Nash was born in Abergavenny, and introduced to cricket by his father, a stalwart of the local club. He went to Wells Cathedral School in Somerset, where he excelled at cricket and hockey, in which he represented Wales Under-21. When he arrived at Glamorgan, his initials - MAN - and unabashed self-conﬁdence earned the nickname "Super". He made his ﬁrst-class debut in 1966, and blossomed in 1968, claiming six for 25 against Gloucestershire, then seven for 15 as Somerset were bowled out for 40. In the win over the Australians, Ian Redpath and Bob Cowper were among his ﬁrst-day victims. "He has more pace than is at once apparent, makes the ball cut some odd curves through the air, and occasionally brings it back sharply from the pitch," wrote John Arlott in his Guardian match report.
Nash bowled off about 12 paces. "He had a whippy action and got close to the stumps," said Lewis. "He pitched the ball up, made the batsman play, and got late swing." Glamorgan started poorly in 1969, but gathered momentum. In August, they faced Gloucestershire in a top-of-the-table showdown at Cheltenham. On the opening day, Nash was close to unplayable. "Line, length and stamina, together with the ability to cut the odd ball away from the right-handers, helped him to ﬁnish with six for 37," wrote John Woodcock in The Times.
Assisted by a formidable group of close catchers, Nash was key to Glamorgan's strategy. "He was one of the best attacking bowlers in the country," said Lewis. "And he got good batsmen out." He ﬁnished the season with 71 Championship wickets at 18. Nash remained a consistent performer, but in 1977 - almost nine years to the day from Sobers's assault - Lancashire's Frank Hayes hit him for 34 in an over, again at Swansea (a four off the second ball prevented a gruesome double). He took it on the chin. "I'd say: 'So I'm in the Guinness Book of Records at No. 1 and No. 2. You tell me who's managed that.'"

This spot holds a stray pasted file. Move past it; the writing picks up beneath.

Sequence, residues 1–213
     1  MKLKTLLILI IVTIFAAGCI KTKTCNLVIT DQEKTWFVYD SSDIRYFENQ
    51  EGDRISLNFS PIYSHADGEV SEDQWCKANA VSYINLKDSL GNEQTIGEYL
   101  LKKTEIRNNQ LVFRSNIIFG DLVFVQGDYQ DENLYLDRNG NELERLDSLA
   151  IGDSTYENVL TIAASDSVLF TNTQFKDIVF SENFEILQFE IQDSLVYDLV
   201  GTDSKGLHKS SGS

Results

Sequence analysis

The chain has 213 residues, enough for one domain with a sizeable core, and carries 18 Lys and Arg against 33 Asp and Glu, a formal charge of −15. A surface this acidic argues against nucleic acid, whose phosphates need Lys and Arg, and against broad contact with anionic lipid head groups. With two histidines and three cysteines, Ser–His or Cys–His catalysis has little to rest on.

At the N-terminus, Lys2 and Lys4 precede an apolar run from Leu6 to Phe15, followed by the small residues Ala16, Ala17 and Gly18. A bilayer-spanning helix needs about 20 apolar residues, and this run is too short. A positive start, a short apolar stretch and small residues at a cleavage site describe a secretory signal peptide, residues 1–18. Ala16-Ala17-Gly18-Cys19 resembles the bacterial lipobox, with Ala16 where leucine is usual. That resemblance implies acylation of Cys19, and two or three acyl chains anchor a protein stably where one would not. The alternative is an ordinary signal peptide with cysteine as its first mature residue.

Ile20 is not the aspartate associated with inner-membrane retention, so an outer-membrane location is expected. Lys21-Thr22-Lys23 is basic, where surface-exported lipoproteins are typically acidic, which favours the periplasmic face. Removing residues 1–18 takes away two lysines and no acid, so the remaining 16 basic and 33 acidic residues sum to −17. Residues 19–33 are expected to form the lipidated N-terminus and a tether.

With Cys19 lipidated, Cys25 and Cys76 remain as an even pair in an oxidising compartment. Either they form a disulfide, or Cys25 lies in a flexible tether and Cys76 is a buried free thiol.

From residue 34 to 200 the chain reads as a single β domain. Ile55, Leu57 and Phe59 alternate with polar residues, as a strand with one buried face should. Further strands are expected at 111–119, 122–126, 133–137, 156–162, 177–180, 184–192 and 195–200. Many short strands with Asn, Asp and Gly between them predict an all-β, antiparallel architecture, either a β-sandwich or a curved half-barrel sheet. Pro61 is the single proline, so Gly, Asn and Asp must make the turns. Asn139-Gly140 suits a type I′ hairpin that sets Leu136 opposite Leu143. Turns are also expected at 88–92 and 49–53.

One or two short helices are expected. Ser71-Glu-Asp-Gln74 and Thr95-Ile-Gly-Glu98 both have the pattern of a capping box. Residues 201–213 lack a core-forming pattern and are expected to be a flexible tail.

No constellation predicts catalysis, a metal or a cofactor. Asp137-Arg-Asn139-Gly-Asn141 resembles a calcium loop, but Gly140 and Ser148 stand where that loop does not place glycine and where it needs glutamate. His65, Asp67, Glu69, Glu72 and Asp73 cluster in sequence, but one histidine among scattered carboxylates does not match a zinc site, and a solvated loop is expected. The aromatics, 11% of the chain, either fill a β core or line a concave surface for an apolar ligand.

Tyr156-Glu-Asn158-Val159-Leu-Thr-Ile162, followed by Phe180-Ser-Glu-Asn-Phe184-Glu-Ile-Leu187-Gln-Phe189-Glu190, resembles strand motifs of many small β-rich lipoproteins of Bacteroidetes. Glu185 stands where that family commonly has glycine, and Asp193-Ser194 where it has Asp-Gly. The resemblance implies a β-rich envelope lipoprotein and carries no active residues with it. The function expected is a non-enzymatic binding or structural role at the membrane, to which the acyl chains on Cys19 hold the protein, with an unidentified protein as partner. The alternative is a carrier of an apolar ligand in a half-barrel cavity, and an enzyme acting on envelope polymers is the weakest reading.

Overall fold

His best season was 1975, when his 85 wickets included 14 against Hampshire at Basingstoke. The following summer he was chosen for a Test trial at Bristol, but that was the closest he came to international recognition. His lack of pace may have concerned selectors, but Lewis said: "In this country, he would have been successful."
Nash was also a hard-hitting tailender. In 1976, he cracked a hundred before lunch against Surrey at The Oval. Nine days later, he raced to another, off 61 balls, in a Benson and Hedges Cup game against Hampshire at Swansea - Glamorgan's ﬁrst century in the competition. He was club captain in 1980 and 1981, but they were not happy years. Nash retired in 1983, and spent two seasons playing for Shropshire. He lived in America for a while, working in sports marketing and later as a school bus driver, but returned to Wales in 2013 after being diagnosed with a heart condition. In 2006, an Indian company had paid more than £26,000 at auction for the ball Sobers had smashed "down to Swansea". It was a Dukes, yet Glamorgan had always used a Stuart Surridge; the popular theory was that Sobers had unwittingly handed over the wrong ball. Nash stopped short of criticising him, but was "getting somewhat irritated that my reputation and integrity are being called into question". Above all, he was never allowed to forget that late-August afternoon at St Helen's. "I don't think it changed my character too much,"he said. "I've got fairly broad shoulders. But I didn't bowl slow left-arm again for a while."